Checking the “Other” box

If you’ve ever filled out any kind of official form for insurance, a loan, a job application, the United States Census, or even to sign up for your COVID vaccine, you’ve probably filled out that section on “Race and Ethnicity.” And there are the usual categories: White, Hispanic, Black, Indigenous, East Asian, Pacific Islander… and Other.

I’ve been having to check the “Other” box my entire life. 

In the big picture, this isn’t the worst thing in the world when it comes to race issues. But it’s frustrating. Because it makes me feel like my background and culture isn’t seen or recognized. People like me are expected to either claim to be “white”—which we’re not—or be content with not being defined at all. 

And even now that people and organizations and institutions are talking more and more about inclusion (which they should be) I and people like me still don’t have a box. It feels so outdated.

I grew up being “Other.” I knew that I was different from the other kids in my predominantly white neighborhood. It’s hard not to feel out of place when your name is Suhaila. And your dad’s name is Ardeshir. And your mom’s name is Guiseppina Carmela. And your last name is Salimpour… not Smith or Williams or Johnson. 

Back when I was little, if I told people where my dad’s family was from, they wouldn’t have any idea where I was talking about. The Middle East was just some exotic, faraway place.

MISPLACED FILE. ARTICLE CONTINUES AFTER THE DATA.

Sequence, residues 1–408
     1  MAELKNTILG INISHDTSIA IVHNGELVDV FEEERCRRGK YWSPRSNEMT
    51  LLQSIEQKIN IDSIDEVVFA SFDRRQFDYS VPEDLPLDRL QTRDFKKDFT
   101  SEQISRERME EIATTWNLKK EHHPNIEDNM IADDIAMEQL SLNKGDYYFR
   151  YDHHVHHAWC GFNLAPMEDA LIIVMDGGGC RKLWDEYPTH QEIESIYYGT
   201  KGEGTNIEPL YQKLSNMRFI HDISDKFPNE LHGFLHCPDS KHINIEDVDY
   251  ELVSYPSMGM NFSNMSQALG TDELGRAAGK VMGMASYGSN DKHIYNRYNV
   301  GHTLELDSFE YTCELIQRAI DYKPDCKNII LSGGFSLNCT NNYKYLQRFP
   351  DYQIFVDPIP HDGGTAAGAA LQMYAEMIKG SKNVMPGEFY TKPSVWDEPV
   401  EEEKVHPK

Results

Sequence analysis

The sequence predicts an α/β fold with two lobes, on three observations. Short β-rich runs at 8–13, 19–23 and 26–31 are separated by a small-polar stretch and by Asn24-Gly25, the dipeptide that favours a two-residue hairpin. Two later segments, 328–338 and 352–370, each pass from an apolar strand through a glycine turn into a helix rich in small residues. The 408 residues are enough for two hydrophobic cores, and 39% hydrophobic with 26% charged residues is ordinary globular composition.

Today, though, I don’t feel like there’s an excuse. The United States has been at war in the region in some capacity for over 20 years. We’ve had troops stationed there for decades. And in the news media, people from the Middle East are still seen as the “bad guys.” 

And I know that Arabs, Persians, and other people from the region have been wanting a box of their own, because we’re not regarded as the “norm” or the majority. We’re not white, a fact made abundantly clear over and over again, with travel bans, harmful media stereotypes, discrimiation and slurs, and even hate crimes against Middle Eastern and Muslim people. 

It’s been difficult to see my daughter go through the same realization, being both Persian and Arab herself. 

When she was four, I was driving her home from pre-school and she asked me, “Mom, are we white?” And I pulled the car over to try to explain to her that we aren’t. This was only a year or so after September 11, 2001, so I had to make sure that she knew her heritage, but also that she was safe. And imagine trying to teach a four-year-old how to say “Middle Eastern.” 

It wasn’t until 2019, when Isabella was just turning 21, when we went to Egypt that she felt at least some kind of representation. The women on the billboards looked way more like her than the ones back in the United States. The closest we get here is maybe the Kardashians… which, no shame, but Isabella’s priorities are a lot different!

So, my daughter, too, will be “Other,” so long as administrators and bureaucrats refuse to acknowledge that being from West Asia, North Africa, or even Central Asia, is a unique and distinct identity.

And a lot of us, especially me, are really tired of being “Other.” 

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